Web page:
, isunique varchar (1) not null)

/* populates with a list of the tables & indexes in the current database */
insert into @ssvnts_table_indexes
select so.id as tableid, si.indid, si.name as indname, sc.name as colname
, case when si.status & 2048 <> 0 then 'y' else 'n' end as 'IsPrimaryKey'
, case when (si.status & 2 <> 0) or (si.status & 4096 <> 0) then 'y' else 'n' end as 'IsUnique'
from sysindexes si
join sysobjects so on si.id = so.id
join sysindexkeys sik on si.id = sik.id and si.indid = sik.indid
join syscolumns sc on sik.id = sc.id and sik.colid = sc.colid
where si.status & 64 = 0
order by so.name, si.indid

/* holds a list of tables in the current database - used as a temp workspace */
declare @ssvnts_table_info table (
tableid int not null
, tablename varchar (255) null
, identity_column varchar (255) null
, Has_A_Clustered_Index int null
, Identity_Column_Is_In_CIX char (1) null
, No_Of_Columns_In_CIX int null)

/* populates a list of tables in the current database */
insert into @ssvnts_table_info
select tableid
, convert(varchar(255), name) as tablename
, convert(varchar(255), '') as 'Identity_Column'
, convert(integer, min(indid)) as 'HasClusteredIndex'
, convert(char(1), 'u') as 'Identity_Column_Is_In_CIX'
, convert(integer, -1) as 'No_Of_Columns_In_CIX'
from @ssvnts_table_indexes ti
join sysobjects so on ti.tableid = so.id
where so.xtype = 'U'
group by tableid, name

/* if min(indid) is 0, table is a heap */
update @ssvnts_table_info
set Has_A_Clustered_Index = 0
where Has_A_Clustered_Index > 1

/* syscolumns.colstat & 1 signifies column is an indentity */
update @ssvnts_table_info
set Identity_Column = tic.Identity_Column
from @ssvnts_table_info ti
join (select so.id as tableid
, sc.name as 'Identity_Column'
from sysobjects so
join syscolumns sc on so.id = sc.id
where (sc.colstat & 1 = 1)) tic on ti.tableid = tic.tableid

/* count the columns in the clustered index (indid = 1) */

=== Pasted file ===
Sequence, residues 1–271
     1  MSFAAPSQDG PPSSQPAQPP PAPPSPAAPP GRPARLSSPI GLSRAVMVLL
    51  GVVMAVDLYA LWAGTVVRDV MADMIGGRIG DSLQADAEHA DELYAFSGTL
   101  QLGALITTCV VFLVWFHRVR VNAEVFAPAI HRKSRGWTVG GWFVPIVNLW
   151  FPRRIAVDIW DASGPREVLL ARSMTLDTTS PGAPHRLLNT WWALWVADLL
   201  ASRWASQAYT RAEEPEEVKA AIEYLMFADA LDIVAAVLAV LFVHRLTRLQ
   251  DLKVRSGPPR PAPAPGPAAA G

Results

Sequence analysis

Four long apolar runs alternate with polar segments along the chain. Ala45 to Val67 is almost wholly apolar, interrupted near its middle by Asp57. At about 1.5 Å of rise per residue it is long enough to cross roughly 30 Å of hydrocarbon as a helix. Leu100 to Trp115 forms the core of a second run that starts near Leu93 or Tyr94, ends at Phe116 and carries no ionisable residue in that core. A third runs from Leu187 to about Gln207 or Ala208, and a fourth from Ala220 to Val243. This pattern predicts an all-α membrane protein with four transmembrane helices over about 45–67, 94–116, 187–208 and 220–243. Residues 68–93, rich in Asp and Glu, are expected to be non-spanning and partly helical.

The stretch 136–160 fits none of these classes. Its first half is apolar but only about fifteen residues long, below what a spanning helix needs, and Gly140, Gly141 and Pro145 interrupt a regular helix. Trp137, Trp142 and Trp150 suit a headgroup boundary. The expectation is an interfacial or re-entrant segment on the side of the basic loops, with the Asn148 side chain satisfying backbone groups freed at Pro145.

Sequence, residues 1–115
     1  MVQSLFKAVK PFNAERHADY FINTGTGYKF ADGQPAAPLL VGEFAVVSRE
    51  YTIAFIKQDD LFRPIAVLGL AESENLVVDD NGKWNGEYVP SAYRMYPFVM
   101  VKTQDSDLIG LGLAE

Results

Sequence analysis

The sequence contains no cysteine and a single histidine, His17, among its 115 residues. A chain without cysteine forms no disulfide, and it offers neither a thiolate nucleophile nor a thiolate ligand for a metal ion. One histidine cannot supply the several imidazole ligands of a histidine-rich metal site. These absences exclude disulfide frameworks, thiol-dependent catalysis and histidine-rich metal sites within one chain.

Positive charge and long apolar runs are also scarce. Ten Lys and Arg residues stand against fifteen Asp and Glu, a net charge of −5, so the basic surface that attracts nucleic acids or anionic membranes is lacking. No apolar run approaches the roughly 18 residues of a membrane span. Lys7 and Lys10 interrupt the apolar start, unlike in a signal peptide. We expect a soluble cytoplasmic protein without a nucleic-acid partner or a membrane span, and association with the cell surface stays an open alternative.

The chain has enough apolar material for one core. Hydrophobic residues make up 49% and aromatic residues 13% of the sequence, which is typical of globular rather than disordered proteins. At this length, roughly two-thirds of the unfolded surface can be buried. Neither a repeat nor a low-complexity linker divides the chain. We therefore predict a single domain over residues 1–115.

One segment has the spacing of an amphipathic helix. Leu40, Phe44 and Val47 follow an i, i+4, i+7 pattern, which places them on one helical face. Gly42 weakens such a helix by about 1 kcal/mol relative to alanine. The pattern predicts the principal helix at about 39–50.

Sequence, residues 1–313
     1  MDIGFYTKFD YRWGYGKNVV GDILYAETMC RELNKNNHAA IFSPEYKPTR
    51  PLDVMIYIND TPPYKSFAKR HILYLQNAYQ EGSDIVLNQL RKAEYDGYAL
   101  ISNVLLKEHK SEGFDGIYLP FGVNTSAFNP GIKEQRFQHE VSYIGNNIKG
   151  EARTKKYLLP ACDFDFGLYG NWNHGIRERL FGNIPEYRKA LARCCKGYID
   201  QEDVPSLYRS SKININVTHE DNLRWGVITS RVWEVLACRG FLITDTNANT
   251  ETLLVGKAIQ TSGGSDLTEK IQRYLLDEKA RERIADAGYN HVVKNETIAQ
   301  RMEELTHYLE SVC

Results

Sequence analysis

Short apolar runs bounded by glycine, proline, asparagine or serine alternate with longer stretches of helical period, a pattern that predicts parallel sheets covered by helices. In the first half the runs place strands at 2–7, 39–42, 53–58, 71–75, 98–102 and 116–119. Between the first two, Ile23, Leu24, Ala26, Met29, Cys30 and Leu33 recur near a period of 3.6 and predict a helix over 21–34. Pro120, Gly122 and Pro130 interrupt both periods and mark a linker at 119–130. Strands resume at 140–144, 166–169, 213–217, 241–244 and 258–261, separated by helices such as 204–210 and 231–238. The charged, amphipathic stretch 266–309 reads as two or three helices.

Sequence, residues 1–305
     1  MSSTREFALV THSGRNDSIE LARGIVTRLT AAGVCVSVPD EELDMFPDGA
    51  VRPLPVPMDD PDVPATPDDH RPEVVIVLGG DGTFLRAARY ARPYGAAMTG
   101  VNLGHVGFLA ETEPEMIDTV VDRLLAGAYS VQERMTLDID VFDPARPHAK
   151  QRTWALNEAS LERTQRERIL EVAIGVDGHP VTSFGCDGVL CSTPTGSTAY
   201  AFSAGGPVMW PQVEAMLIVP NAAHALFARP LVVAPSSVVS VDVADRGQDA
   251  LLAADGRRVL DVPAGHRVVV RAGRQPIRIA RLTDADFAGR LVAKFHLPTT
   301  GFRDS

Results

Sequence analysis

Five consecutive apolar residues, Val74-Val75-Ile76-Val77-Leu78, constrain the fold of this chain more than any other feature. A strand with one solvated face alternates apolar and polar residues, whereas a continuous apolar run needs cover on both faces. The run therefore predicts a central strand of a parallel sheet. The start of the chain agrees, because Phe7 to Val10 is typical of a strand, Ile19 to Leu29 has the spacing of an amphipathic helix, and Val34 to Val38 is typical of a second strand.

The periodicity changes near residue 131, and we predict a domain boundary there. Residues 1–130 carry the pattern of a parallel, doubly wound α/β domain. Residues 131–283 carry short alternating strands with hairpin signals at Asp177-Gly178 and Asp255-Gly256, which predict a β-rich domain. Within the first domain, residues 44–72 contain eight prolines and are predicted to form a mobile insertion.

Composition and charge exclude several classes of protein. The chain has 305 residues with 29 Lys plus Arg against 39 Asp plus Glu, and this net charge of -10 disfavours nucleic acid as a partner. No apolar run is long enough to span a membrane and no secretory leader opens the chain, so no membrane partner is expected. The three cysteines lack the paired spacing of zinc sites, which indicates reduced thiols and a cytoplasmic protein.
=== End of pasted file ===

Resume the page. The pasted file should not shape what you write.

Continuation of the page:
update @ssvnts_table_info
set No_Of_Columns_In_CIX = colsincix
from @ssvnts_table_info ti
join (select tableid, count(indid) as colsincix from @ssvnts_table_indexes where indid = 1 group by tableid) dv on ti.tableid = dv.tableid

/* idntify where the identity column is in the clustered index */
update @ssvnts_table_info
set Identity_Column_Is_In_CIX = 'y'
from @ssvnts_table_info ti
join (select tableid, colname, count(indid) as colsincix from @ssvnts_table_indexes where indid = 1 group by tableid, colname having count(indid) = 1) dv on ti.tableid = dv.tableid and ti.Identity_Column = colname
update @ssvnts_table_info
set Identity_Column_Is_In_CIX = ''
where Identity_Column_Is_In_CIX != 'y'

/* return output */
select *
from (select case when Has_A_Clustered_Index != 1
or Identity_Column_Is_In_CIX != 'y'
or No_Of_Columns_In_CIX != 1 then 'no' else 'yes' end as Clustered_Index_Choice
, ti.*
, ts.sizedec
from @ssvnts_table_info ti
join (select dv.id, upper(name) as [table_name]
, convert(decimal(15, 1), left(sizemb, len(sizemb)-2)) as sizedec
from (select so.id, convert(varchar(255), so.name) as name
, convert(decimal(15, 1), round((sum(convert(decimal(15, 1), si.dpages) * convert(decimal(15, 1), 8192)) / 1048000), 1)) as sizemb
from sysindexes si join sysobjects so on si.id = so.id join sysfilegroups sf on si.groupid = sf.groupid
where objectproperty(so.id, 'IsUserTable') = 1
group by so.id, so.name) as dv ) ts on ti.tableid = ts.id) c
where Clustered_Index_Choice != 'good'
order by sizedec desc
6/04/2005
6/04/2005 1:22:57 PM
I just read a CNN news release on Google's new mapping service whilst chewing on a very tastey sandwich. At first I wondered what the heck I'd actually do with such a service, then I thought I'd drop by Redmond & make sure they're hard at it on SQL Server 2005. Looks to me like they're all inside, tapping away at their keyboards on a nice sunny day (c: http://maps.google.com/maps?ll=47.643499,-122.124324&spn=0.008401,0.005922&t=k&hl=en (you might have to zoom in once further)
29/03/2005
I'm always hunting around my hard-drive for a query that lists indexes in a database, so here's one for everyone's (including my) future reference (SQL2K only)

select so.name as 'tablename'
, si.indid
, si.name as indname
, sik.keyno as colorder
, sc.name as colname
, case when si.status & 2048 <> 0 then 'y' else 'n' end as 'IsPrimaryKey'